I don’t know if it’s a paradigm shift for Zelda, or if it’s just another experiment. But it’s a really interesting take on both Zelda and on open world gaming as a whole. It does make a better use of an open world than most games that use one. Definitely a must-play game, and one that will live on to as a really strong showing in the industry.
So yeah, play this game. The least you know about this game before playing it, the better. That’s why I recommend to anyone who hasn’t played it not to watch people playing it, or to read anything about it.
I do have complaints, but they’re not MASSIVE. Mostly annoyances, and things that exist because of the nature of the game, really. Still worth complaining about.
Zelda as an experimental series
So my thing with Zelda is that it started out as an experimental series, and it kinda stopped around the time OoT came out. Some spin-offs still experimented like Four Swords and the not-really-good Triforce Heroes, but OoT kinda became the norm. The first game was basically a whole new thing. Zelda 2 took ideas from the original but changed the gameplay style by going side-scrolling, focusing on combat and adding RPG elements. Link to the Past and Link’s Awakening did much the same thing, taking ideas from both past games, going back to the original’s perspective but streamlined a bit and smoothed out the combat, trying new ideas with different equipment. OoT basically put LttP in 3D and showed that this kind of game worked that way. Afterwards… well MM was experimental in its own way with its focus on sidequests and not much else, but it literally was OoT with masks. WW was OoT with a boat (and slightly better gameplay). TP was OoT with a wolf. SS was OoT streamlined to the extreme and featuring motion controls for everything and also a bird. Even the handheld ones just kinda adhered to the previous games pretty much exactly.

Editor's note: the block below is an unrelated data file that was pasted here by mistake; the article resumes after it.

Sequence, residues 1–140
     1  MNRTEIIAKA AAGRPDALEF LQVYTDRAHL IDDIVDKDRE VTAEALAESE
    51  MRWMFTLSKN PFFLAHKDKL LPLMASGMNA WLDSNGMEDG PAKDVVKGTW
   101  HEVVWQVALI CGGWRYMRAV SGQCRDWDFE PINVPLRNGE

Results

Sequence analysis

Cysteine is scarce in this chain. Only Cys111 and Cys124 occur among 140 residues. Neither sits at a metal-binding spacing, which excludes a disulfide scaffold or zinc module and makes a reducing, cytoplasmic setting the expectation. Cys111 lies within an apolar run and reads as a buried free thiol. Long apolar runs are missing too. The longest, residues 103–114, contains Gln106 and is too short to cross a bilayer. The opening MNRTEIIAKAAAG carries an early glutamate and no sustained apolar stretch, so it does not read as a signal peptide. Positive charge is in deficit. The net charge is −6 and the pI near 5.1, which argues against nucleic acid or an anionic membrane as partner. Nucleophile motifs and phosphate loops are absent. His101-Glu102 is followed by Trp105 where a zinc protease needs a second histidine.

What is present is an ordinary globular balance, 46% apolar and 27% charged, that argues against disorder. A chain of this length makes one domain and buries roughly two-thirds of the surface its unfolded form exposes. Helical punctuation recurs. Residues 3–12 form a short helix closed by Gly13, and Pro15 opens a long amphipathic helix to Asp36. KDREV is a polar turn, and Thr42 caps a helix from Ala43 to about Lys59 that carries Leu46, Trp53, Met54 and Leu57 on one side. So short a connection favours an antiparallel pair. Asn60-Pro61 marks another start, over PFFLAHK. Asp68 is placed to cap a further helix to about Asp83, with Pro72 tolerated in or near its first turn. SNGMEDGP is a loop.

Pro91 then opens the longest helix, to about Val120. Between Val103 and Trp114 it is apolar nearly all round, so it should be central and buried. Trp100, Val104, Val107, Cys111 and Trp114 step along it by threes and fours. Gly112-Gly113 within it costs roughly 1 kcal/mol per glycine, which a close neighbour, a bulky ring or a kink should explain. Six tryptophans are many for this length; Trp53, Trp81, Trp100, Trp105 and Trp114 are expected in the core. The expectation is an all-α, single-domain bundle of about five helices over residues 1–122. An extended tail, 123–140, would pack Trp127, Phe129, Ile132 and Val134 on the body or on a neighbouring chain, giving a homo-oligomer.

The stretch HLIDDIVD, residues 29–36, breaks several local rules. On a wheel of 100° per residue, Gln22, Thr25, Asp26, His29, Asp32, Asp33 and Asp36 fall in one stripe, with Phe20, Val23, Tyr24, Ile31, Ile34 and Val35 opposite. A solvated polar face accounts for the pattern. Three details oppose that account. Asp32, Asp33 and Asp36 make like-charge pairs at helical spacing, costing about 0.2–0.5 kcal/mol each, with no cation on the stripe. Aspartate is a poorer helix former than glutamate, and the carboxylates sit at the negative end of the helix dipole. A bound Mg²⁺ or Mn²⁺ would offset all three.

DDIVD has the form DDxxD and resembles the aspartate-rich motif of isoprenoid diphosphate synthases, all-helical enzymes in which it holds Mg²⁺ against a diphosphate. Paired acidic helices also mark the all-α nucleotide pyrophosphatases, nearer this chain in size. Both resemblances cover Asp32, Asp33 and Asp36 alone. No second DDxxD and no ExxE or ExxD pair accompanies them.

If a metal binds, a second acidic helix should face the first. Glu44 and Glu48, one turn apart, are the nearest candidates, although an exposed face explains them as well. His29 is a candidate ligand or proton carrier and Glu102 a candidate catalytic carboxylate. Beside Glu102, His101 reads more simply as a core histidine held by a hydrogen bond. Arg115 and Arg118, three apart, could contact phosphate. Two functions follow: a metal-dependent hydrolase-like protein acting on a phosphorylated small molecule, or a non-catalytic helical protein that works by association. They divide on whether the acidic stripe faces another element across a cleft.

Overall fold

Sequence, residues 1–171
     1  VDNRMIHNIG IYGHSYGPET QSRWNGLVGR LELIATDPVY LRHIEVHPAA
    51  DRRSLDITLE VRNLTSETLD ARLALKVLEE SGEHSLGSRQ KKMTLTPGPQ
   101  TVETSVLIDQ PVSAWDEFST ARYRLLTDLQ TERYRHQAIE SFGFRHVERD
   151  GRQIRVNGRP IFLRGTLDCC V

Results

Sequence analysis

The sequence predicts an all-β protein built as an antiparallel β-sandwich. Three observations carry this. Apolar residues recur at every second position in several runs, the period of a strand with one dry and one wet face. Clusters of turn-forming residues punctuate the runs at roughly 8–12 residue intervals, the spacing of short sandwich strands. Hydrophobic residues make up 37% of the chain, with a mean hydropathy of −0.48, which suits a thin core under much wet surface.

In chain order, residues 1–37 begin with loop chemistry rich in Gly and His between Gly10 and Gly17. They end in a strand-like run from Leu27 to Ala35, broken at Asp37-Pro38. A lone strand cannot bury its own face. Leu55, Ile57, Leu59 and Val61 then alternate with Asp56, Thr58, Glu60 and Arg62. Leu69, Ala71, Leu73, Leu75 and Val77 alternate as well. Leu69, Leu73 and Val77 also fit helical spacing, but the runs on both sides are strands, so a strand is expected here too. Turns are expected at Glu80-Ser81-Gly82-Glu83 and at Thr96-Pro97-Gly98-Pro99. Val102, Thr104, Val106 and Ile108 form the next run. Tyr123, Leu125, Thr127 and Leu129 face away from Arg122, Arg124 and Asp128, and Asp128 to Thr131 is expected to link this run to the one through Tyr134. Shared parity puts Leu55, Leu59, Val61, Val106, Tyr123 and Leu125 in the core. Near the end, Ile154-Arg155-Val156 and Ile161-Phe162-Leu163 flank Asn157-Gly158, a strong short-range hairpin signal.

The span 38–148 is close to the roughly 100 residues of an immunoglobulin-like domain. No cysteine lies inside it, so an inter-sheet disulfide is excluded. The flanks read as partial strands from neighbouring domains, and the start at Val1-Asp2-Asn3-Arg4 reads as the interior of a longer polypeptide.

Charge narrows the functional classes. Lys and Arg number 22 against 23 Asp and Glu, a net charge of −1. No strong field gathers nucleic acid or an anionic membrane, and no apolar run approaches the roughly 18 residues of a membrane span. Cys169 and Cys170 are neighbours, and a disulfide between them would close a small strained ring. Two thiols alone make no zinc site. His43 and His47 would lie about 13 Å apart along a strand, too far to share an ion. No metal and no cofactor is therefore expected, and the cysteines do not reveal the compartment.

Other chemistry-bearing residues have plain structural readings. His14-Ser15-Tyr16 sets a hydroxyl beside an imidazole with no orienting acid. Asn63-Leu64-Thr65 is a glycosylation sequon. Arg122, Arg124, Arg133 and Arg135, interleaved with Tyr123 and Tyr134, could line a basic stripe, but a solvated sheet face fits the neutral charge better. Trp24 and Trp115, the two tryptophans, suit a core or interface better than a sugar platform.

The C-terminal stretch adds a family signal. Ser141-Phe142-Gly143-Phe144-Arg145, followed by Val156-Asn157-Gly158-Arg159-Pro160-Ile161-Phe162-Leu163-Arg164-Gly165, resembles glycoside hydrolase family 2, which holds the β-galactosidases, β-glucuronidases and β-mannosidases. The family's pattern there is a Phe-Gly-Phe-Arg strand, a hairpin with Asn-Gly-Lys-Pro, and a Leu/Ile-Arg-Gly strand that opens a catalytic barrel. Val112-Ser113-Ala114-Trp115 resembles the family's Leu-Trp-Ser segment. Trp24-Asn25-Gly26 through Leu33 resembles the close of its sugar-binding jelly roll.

Breath of the Wild though changes almost everything. From shrines to dungeons to the big open world that gives you little direction to giving you everything you need to finish the game right at the start to letting you do whatever you want to breakable weapons to RPG stats… it does a lot of really unique things. It really does experiment a lot, mostly ditching the formula that has kept Zelda running since OoT.